"At a minimum, this shows that there's a difference in perception," Burt said. "There may be differences in realities, but the clearest thing is that we have a difference in perceptions."
Furthermore, council members deemed some of the survey categories so vague that they pose a special challenge when it comes to solutions. If a resident complains that the streets are shoddy, the city can re-pave them. Addressing a resident's "sense of community" is trickier business, officials felt.
"It's easier for us to deal with a specific service issue than it is with people's individual perception of the sense of community," Keene said. "There are so many factors that go into that."
Councilman Larry Klein, speaking for the majority, argued that many of the answers merely beg for more questions and could have nothing to do with the north-south split. For instance, the fact that the survey was taken last year at around the same time that the Measure D campaign was heating up could explain why there has been such a citywide dip in opinion regarding land-use and traffic issues ("land use, planning and zoning" received positive ratings from 35 percent of the respondents in the north and 37 in the south, a huge drop from 2012). Even so, the fact that the election centered on a housing development in the southern half of the city may have widened the geographical split. Sixty percent of respondents from the north rated the overall direction that Palo Alto is taking as "good" or "excellent," compared to 48 percent in the south.
Klein also noted that citizens' concerns about crime increased between 2012 and 2013, even though crime statistics have not. He asked staff whether it's possible to go deeper and ask follow-up questions to the residents who took the survey. That way, he said, the council could better understand the reasoning "when the objective facts would indicate that there hasn't been any change in the community, but we're hearing a different answer (from respondents)."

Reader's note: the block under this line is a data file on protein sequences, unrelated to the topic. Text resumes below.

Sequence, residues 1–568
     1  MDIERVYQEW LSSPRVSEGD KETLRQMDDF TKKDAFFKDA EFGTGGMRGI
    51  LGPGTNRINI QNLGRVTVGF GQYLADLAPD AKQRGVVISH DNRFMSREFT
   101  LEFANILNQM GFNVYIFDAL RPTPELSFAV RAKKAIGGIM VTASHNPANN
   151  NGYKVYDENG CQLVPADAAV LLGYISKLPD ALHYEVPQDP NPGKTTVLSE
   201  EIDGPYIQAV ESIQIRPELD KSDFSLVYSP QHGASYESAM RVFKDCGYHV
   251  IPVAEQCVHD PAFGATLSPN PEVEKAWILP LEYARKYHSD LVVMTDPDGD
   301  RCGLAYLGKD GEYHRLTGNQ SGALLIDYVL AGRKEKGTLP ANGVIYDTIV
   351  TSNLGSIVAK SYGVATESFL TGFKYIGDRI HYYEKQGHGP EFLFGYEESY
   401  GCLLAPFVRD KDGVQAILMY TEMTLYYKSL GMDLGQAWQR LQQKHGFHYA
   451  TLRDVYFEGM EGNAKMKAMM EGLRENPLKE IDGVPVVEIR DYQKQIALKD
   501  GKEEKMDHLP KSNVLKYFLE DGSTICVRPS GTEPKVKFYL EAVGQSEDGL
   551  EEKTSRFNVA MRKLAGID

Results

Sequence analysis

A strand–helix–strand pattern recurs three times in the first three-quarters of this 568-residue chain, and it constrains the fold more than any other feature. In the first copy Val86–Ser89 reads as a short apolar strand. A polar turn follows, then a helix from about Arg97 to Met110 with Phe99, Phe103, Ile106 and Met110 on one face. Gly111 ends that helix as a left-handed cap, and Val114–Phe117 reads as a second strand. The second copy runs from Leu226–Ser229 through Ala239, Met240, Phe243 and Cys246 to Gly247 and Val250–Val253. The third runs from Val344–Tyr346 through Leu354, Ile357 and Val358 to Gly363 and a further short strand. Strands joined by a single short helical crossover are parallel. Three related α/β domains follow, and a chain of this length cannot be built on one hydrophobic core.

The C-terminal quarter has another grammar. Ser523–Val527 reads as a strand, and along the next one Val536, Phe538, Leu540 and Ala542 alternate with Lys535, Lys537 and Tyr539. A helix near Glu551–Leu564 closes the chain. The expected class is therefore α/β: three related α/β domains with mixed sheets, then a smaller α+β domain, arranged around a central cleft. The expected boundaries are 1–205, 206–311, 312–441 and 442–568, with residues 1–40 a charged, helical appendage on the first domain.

Acting City Auditor Houman Boussina, whose office coordinates the release of the annual report, said city officials can follow up with the National Citizens Survey to see if that's possible.
In at least one case, the survey may have made a victory look like a defeat. Councilman Marc Berman, following Klein's comment about crime statistics, suggested that the growing concerns may have to do with the police department's outreach efforts, which generally benefit the community but can also have the effect of making residents aware of more crimes, large or small.
Council members expressed interest in having the council's Policy and Services Committee further explore the report's findings. Mayor Nancy Shepherd said "it would be interesting to see if there's any more information that comes out of doing a deep dive."
But like her colleagues Councilman Greg Scharff and Vice Mayor Liz Kniss, she characterized the latest survey as, on the whole, a very positive one, with Palo Alto getting far higher ratings than comparable cities in most categories not related to land use and transportation. Kniss noted that while many of the city's older residents may be frustrated about increasing traffic, most people are, on the whole, happy to be in Palo Alto.
"When the 'overall quality of life' is about 90 percent in your community, that doesn't seem all bad," Kniss said.